What a load of news on the past few days, uh? I mean, Apollo is now AIR, a new beta version of the Flash Player includes plenty of goodness (including mip map support when resizing images, goodbye Moiré effects!), Apple presents a lot of stuff (including a glimpse of id Software’s next project!)… exciting times.
I’ve also been busy as hell lately (hence why I haven’t posted so much). So as I do once in a while, I’d like to show you the final product of those long hours.
Still Alive is a website the company I freelance for (Gringo.nu) has built for Companhia Vale do Rio Doce, a metal and mining company. Despite being a big client and all that, it’s a playful website, meant to teach people about some of the company’s reforestation projects. It’s also designed by Victor Sahate and developed by me.
In this website you can knit over a dead tree and while doing so, you reveal a new, lively tree, and find – “save” – a few animals in the process. Finding all animals means your name is saved and kept on a list on the website.
Now here’s the cool thing: this entire process, including browsing the website areas, is done with a multiuser environment. This means that while you’re reading the (few) text areas, you’ll see small tags (representing other people) flying around; and when you zoom in to knit the tree, these other people will be there knitting with you. They see what you knit and vice-versa; up to 8 people can be knitting the same tree – like a multiuser room – at once, and new rooms are created when needed.
A very nice website and my first big, commercial website using Flash Media Server (I usually focus on the user interface instead). Getting the multiuser protocol for this to work fine (considering it’d need a lot of updates so you could see the other users moving and knitting in real time) was a real challenge but still fun. And funny enough, it also contains some of the most difficult artificial intelligence I’d had to build to date: if you log into the website and there’s no one else there to knit with you, or if you’re visiting from a network that blocks RTMP messages (so socket communication won’t work), it creates a fake “bot” user that simulates a real user and starts knitting away. The bot leaves when a real user joins.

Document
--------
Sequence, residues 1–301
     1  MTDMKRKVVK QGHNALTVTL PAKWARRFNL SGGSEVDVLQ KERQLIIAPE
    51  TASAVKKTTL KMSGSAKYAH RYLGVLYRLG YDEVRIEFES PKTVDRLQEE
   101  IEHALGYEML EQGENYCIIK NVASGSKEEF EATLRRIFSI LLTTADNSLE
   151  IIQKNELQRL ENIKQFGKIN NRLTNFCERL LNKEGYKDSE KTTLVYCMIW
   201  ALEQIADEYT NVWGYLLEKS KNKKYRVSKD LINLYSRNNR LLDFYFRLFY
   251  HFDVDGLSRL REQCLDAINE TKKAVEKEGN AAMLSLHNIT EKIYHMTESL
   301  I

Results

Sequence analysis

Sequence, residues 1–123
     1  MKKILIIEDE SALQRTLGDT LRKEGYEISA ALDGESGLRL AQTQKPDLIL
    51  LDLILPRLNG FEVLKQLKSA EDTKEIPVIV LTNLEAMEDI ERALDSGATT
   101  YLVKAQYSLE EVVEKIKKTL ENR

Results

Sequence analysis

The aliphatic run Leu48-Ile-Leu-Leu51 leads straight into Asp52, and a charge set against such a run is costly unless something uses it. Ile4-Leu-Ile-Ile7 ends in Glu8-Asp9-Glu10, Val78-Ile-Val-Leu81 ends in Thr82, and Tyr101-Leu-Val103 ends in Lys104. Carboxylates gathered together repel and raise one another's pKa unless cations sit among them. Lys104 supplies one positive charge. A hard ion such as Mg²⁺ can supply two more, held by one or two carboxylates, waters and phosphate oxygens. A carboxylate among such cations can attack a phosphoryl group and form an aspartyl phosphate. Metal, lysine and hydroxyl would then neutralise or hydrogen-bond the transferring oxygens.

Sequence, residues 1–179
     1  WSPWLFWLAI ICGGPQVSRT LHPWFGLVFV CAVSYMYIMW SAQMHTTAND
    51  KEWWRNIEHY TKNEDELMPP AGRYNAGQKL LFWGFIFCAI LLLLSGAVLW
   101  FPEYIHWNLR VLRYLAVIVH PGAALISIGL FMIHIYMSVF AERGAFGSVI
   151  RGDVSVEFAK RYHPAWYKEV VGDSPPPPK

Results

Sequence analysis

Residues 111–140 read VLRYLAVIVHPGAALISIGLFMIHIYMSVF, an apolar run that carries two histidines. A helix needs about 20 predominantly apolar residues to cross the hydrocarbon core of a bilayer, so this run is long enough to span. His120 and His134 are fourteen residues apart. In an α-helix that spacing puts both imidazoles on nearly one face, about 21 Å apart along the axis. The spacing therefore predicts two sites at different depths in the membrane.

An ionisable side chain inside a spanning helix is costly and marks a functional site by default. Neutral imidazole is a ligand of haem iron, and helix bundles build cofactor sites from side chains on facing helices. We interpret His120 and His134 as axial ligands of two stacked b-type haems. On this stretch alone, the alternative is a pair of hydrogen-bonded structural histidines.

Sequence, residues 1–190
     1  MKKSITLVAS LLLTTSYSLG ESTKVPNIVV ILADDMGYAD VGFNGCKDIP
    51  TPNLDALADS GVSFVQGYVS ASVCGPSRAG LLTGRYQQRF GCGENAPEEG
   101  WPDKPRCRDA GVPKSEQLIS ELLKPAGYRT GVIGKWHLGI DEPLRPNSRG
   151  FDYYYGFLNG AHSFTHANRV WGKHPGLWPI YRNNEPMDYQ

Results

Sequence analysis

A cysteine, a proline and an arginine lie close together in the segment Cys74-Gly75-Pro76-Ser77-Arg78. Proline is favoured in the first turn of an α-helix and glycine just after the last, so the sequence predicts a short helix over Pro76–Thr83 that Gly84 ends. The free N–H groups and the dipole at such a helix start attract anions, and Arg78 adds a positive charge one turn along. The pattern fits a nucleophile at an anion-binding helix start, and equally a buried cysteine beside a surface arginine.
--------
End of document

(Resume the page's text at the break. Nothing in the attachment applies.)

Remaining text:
And while I’m at it, here’s some Tweener statistics for this project, as I’ve mentioned this somewhere else but didn’t go too deep into it:
- 272 addTween() calls;
- 2 addCaller() calls;
- 70 removeTween() calls;
- Transitions used: easeoutquad (47 times), easeinoutquad (1), linear (116), easeoutquint (4), easeinoutquint (10), easeinback (2), easeoutback (4), easeoutexpo (12; which is stupid, considering it’s the default one)
- Some parameters used: rounded (5 times), skipUpdates (6), onStart (3), onUpdate (24), onComplete (57)
Pretty much the reason why I like to keep my tweening development process simple and straightforward.
Update: Still Alive just got the FWA for 19/jun, and
into the Cannes (Cyber) Lions shortlist on the same day a bronze on Cannes (Cyber) Lions for the “Charities, Public Health & Safety, Public Awareness” website category a couple of days later. Awesome.